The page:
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Arch Dis Child Fetal Neonatal Ed. 2000 Sep;83(2):F124-9.

Neonatal hypoglycaemia and withdrawal symptoms after exposure in utero to valproate.

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  • 1Department of Neonatology, Aalborg Hospital, Denmark.



To define, in a prospective study, the risk of hypoglycaemia-defined as blood glucose concentration < 1.8 mmol/l-in term infants exposed in utero to valproate and to describe the withdrawal symptoms.


Twenty epileptic women were treated with valproate only during pregnancy and two were treated with valproate and carbamazepine. In the first trimester, the daily median dose of valproate was 1.0 g (range 0.3-4.2) and in the third trimester 1.2 g (range 0.3-4.8).


Thirteen of the 22 infants became hypoglycaemic. One infant had eight episodes of hypoglycaemia, one had three episodes, two had two episodes, and nine had one episode each. The lowest blood glucose concentration was 1.0 mmol/l. All episodes were asymptomatic. The maternal mean plasma concentration of total valproate during the third trimester correlated negatively with blood glucose concentration one hour after delivery (p < 0.0003) and with the development of hypoglycaemia (p < 0.0001). There was no evidence for hyperinsulinaemia as the cause of hypoglycaemia. Ten infants developed withdrawal symptoms, which correlated positively with the mean dose of valproate in the third trimester and the concentration of the free fraction of valproate in maternal plasma at delivery (p < 0.02).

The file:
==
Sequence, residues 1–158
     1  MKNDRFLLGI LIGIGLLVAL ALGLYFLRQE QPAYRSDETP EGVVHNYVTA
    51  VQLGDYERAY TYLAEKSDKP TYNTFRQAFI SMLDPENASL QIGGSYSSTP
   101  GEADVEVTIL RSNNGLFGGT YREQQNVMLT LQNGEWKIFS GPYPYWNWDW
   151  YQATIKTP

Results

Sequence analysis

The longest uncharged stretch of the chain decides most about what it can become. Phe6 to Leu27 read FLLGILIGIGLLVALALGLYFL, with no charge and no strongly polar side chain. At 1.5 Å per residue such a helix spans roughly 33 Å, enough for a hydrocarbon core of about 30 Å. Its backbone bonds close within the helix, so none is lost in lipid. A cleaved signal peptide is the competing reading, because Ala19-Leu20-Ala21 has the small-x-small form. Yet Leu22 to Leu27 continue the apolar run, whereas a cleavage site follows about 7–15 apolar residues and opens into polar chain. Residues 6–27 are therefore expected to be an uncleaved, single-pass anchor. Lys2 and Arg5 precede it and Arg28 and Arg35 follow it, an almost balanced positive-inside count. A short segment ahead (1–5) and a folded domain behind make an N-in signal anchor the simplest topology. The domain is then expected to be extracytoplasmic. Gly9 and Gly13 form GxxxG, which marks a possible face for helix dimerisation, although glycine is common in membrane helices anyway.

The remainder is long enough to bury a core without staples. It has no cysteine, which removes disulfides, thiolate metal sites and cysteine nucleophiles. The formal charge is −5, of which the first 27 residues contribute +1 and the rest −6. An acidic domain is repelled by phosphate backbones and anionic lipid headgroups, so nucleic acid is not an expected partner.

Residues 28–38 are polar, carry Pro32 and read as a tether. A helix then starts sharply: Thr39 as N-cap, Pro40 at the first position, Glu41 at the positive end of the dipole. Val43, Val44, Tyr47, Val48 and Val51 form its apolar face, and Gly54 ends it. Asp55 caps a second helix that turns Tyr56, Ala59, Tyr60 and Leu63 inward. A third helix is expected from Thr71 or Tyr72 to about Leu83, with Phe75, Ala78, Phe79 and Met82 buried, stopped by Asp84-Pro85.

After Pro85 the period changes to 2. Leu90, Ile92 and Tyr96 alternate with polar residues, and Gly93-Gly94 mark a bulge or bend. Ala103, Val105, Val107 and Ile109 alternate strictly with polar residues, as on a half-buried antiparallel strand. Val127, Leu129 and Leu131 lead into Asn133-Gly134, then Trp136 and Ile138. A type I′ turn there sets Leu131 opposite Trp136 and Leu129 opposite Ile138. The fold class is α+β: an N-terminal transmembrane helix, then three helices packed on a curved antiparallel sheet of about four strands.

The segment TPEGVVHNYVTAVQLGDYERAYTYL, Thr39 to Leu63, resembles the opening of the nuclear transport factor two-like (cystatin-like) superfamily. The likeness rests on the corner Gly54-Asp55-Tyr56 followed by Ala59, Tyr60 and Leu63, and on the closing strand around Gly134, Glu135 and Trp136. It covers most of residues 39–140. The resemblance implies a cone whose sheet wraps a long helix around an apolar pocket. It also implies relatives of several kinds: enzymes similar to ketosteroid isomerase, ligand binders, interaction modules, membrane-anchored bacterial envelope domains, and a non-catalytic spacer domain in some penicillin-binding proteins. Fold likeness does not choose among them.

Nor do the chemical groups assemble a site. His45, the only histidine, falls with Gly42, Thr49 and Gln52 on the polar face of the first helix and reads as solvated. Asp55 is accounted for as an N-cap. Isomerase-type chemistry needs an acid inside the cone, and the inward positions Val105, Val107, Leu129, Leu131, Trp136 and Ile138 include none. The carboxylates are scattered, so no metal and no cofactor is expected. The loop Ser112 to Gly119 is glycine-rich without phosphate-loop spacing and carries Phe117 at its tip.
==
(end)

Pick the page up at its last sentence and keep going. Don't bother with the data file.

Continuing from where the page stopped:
Infants exposed to valproate in utero had a significantly elevated risk of hypoglycaemia, and withdrawal symptoms were often observed.

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